Principles of Calvinism in the 18th Century

Calvinism—A theological system developed by John Calvin (1509-1564) based on the complete sovereignty of God and the ultimate inability of man to comprehend His true nature. There are five distinct principles of Calvinism:

1. Total depravity of man. This is the utter inability of man to work out his own salvation—God is all, man is nothing.
2. Unconditional election. God is under no obligation to save anyone, and saves or “elects” whom he will with no reference to faith or good works.
3. Limited atonement. Christ did not die for all, but only for those who are to be saved. (If he had not died on the cross, none could be saved.)
4. Irresistible grace. God’s grace is freely given, and can neither be earned or refused.
5. Perseverance of the Saints. Those chosen by God have the power to do his will and will live uprightly to the end—they are infallible.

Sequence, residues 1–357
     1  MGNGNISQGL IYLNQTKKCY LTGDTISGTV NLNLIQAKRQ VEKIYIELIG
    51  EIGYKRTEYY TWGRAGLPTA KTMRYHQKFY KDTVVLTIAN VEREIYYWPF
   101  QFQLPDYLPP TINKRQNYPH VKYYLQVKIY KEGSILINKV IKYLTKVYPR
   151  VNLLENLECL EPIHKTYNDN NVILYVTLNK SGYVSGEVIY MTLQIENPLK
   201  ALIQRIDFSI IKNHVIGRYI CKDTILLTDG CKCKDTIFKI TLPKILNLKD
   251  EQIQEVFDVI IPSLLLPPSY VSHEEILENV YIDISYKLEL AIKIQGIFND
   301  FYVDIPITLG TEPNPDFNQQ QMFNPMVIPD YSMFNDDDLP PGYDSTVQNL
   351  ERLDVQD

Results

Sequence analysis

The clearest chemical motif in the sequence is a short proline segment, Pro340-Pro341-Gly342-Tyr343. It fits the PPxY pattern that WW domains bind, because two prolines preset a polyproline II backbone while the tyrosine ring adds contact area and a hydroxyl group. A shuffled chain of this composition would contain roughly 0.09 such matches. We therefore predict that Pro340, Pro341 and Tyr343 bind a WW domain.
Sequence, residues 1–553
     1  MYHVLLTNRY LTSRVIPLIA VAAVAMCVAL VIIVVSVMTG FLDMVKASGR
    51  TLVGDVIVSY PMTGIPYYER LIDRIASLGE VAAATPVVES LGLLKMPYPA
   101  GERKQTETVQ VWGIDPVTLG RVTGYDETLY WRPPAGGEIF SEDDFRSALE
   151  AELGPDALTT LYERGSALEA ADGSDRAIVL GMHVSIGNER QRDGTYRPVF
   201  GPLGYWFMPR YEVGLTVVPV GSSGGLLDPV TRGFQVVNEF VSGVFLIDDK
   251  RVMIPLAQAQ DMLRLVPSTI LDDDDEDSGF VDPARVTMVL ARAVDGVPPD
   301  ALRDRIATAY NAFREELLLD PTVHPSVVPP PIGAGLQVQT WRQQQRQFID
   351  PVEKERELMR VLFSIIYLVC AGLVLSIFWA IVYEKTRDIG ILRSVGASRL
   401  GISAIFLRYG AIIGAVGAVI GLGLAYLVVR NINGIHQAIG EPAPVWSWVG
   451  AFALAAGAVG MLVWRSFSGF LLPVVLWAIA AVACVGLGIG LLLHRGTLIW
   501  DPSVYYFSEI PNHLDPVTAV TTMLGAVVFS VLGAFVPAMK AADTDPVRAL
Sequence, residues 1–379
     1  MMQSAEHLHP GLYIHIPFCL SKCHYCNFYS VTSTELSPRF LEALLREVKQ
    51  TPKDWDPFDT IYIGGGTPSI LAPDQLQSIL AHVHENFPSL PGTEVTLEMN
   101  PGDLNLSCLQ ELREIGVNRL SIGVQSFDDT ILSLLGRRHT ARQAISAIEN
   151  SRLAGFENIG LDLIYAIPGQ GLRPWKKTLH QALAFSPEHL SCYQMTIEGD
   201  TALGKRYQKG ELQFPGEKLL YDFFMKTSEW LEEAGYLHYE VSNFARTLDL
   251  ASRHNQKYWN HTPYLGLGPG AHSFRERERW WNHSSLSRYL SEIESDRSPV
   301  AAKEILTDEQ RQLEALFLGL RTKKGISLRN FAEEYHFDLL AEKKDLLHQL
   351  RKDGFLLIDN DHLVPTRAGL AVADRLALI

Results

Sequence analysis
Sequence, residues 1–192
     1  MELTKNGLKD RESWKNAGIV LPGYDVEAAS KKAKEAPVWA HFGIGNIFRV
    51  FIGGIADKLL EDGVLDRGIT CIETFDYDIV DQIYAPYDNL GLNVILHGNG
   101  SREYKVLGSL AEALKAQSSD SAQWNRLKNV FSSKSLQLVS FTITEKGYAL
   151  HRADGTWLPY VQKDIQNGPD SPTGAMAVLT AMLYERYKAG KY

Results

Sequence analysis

Though not a principle of Calvinism, many within the faith tradition believed in a literalist interpretation of the scriptures. Because of this, many thought that there was no contradiction between being a Christian and being a slave holder (as sections of the Bible seemed to suggest slavery was okay—for Example, the 21st chapter of Exodus, the Book of Philemon, etc.).

• Where might we discover the principles of Calvinism written into the works of Jupiter Hammon and Phillis Wheatley? Where do their writings allude to an acceptance of these principles?
• Are there places where they explicitly depart from these principles? Where?

Some of the ideas presented here are drawn from Horton and Edwards’Backgrounds of American Literary thought, 2nd edition (1967)